The dogs were quiet last night. Most nights we are serenaded through the night with dog packs barking and howling, and chronologically-challenged roosters crowing all night long. Yesterday was our 5th day in Todos Santos and our first cold rainy misty day here. People were staying inside and it seems even the dogs were staying close to home. We all had our best night´s sleep.
We´re starting to gel as a team and getting a routine down. Every morning we meet at 6:30 AM and carry the supplies and equipment to whichever Todos Santos community we are in that day. We are a strange sight as we walk through the streets carrying big green supply cases, duffel bags and 3 tables – though not as strange as the 1st day we arrived on the ´chicken bus´from Huehuetenango and carried all our packs and luggage up what seemed like a steep goat trail up the mountain to Las Ruinas where we are staying.
We´re doing the canine chemical sterilizations this 1st week as well as the rabies vaccines and flea treatments. If there are any complications from the sterilization, they usually occur in 72 hours so we want to be finished our last one while we are still here to monitor and treat patients. So far no serious complications.
If patients come in sick we treat as best we can with our limited supplies. While doing a housecall on a post-procedure patient, Kate saw a Rottweiler lying by the roadside and looking very weak and emaciated. Terry (many of the dogs here have english names like Doggy, Smoky, Scooby etc) the Rottweiler had been sick and not eating well for awhile and eating nothing for the last 3 days. He turned out to have a severe infection of his prepuce, probably from getting bitten by another dog, and was getting septic and was in quite a bit of pain.
He was treated with subQ fluids and antibiotics and pain control and the following day, Roberto (one of the team and a Spanish-speaker) and Andres (our English-Mam-Spanish translator) carried Terry to the community we were working in that day and we kept Terry there all day to treat him with IV fluids, IV antibiotics and more pain control. We kept him warm and dry and later in the morning the little boy from the family came with 2 buddies and his grandfather to visit the dog and to try and get him to eat. Terry wouldn´t eat for us but when the little boy offered him cookies, Terry gobbled them down. The little boy stayed there most of the day feeding him when Terry wasn´t sleeping and by the end of the day, Terry´s vital signs had improved and he was looking better.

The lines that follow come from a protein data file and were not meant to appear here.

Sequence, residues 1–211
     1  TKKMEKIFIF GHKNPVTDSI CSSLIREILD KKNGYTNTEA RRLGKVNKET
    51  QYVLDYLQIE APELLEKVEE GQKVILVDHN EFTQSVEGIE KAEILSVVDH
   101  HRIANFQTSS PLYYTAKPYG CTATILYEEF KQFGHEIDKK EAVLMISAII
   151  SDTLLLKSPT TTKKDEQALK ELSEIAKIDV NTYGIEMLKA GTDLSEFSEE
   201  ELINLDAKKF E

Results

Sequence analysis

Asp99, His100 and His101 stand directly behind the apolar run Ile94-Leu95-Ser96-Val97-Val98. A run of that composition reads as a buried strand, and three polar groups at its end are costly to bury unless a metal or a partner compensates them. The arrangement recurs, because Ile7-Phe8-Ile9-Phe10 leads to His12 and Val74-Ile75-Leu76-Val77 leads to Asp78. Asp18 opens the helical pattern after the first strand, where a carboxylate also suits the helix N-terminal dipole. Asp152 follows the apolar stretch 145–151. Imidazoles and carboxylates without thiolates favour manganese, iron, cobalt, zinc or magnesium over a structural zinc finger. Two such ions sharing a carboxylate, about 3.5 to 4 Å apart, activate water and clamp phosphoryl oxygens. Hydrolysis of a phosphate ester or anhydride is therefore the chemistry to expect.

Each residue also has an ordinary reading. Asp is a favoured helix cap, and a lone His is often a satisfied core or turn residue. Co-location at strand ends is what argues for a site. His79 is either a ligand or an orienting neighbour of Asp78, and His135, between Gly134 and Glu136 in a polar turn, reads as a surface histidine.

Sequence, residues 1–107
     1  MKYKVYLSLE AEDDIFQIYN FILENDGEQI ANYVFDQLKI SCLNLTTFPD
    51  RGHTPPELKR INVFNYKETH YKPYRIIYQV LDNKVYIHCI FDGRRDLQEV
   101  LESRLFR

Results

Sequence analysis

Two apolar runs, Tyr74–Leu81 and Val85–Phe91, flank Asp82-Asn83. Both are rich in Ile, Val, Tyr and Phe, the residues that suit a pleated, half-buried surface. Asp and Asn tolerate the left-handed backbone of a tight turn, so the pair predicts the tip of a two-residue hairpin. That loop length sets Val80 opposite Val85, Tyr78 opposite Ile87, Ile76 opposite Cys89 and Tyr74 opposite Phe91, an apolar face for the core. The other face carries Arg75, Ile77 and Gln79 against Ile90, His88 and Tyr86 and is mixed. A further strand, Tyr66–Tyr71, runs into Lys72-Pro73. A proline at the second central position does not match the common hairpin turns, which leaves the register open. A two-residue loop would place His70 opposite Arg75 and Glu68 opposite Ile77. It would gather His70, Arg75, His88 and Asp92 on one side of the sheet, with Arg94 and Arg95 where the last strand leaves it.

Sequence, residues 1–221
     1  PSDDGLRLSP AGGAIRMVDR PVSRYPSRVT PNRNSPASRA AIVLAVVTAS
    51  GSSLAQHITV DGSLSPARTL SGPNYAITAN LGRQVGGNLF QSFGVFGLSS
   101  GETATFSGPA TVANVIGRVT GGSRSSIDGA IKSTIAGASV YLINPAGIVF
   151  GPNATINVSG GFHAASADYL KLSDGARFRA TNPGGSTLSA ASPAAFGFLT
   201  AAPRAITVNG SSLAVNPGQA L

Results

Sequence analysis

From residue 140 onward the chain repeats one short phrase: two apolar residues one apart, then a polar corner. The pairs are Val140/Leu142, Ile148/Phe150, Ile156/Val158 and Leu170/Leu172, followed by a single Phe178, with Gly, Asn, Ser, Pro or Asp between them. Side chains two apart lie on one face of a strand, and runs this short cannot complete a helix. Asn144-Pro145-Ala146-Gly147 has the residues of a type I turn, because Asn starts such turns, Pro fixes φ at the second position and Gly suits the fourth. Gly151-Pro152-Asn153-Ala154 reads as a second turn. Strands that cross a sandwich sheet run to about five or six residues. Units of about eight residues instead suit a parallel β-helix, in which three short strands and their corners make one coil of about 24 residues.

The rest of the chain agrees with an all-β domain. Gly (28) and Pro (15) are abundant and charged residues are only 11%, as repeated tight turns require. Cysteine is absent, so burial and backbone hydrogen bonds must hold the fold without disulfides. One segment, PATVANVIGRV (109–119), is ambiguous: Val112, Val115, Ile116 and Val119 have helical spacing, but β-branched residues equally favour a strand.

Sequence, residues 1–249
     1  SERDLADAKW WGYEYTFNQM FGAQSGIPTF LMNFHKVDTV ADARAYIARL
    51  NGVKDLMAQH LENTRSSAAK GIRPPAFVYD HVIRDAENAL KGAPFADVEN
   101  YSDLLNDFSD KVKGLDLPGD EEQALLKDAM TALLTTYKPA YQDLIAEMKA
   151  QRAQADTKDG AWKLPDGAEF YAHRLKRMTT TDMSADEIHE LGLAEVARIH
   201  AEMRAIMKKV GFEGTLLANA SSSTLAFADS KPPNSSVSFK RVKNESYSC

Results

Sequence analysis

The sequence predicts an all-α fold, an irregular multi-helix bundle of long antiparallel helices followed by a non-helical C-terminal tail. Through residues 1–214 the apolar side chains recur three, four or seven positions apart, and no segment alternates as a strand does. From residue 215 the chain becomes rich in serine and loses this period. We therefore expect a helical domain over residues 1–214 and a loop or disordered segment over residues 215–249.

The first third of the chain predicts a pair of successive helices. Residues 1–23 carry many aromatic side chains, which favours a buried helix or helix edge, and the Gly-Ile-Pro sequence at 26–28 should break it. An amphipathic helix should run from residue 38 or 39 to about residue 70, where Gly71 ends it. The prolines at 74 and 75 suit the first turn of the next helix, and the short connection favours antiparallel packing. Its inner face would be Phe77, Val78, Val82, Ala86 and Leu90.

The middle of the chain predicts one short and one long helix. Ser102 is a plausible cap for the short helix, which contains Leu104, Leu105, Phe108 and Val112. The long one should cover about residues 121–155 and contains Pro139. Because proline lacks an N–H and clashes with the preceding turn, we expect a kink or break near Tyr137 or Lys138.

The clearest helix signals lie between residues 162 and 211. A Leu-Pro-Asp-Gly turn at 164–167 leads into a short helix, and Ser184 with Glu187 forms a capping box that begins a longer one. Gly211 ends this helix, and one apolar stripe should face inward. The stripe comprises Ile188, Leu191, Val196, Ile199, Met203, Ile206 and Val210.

Roberto and Andres carried Terry home at the end of the day yesterday and the family set him up in a confined area sheltered by a tin roof. They built a good fire beside him to keep him warm and covered him with a blanket. We asked them to feed him some good soup and meat (most dogs here are fed tortillas and bones and whatever they can scavenge).
Late last night before climbing back up to Las Ruinas and bed, we checked on Terry and found him looking brighter, eating and drinking well. We left the family 2 hot water bottles and said we would be back in the morning.
This morning we went back to check on Terry before our clinic started at 7 AM. He was standing in the area by the fire and the owner told us he was walking around a little. He was eating well and they had been feeding him sopa de pollo (chicken soup). The hot water bottles we had left them were warm and obviously recently refilled to keep him warm. We checked him out and things were looking much better. Gave him his morning antibiotics and told them we would be back at the end of the day and would visit twice and day until he was OK again.
This afternoon we´ll continue with the male sterilizations, rabies vaccines and parasite control. This weekend we start spaying the female dogs that we´ve vaccinated this week and whose owners wish them spayed. We continue through next week until Friday. Rabies control is really important here as all the dogs run loose and there is quite a bit of fighting.
At the end of the day we´ll head back up to Las Ruinas. I´ll keep my eye out for Domingo Mendoza Ramirez. He is about 70 or 80 years old and every day I see him working hard in his fields, building a fence out of maize stalks, to keep animals out of his fields. We chat: he asks me where I´m going and how I am. After we chat he always says:
Nos vemos mañana. We´ll see you tomorrow.
It´s been an incredible experience here in Todos Santos so far. A combination of old-time James Herriott type medicine with the housecalls and limited supplies and more modern medicine with the prophylactic sterilizations and vaccinations we are doing.
Nos vemos mañana. – Tracy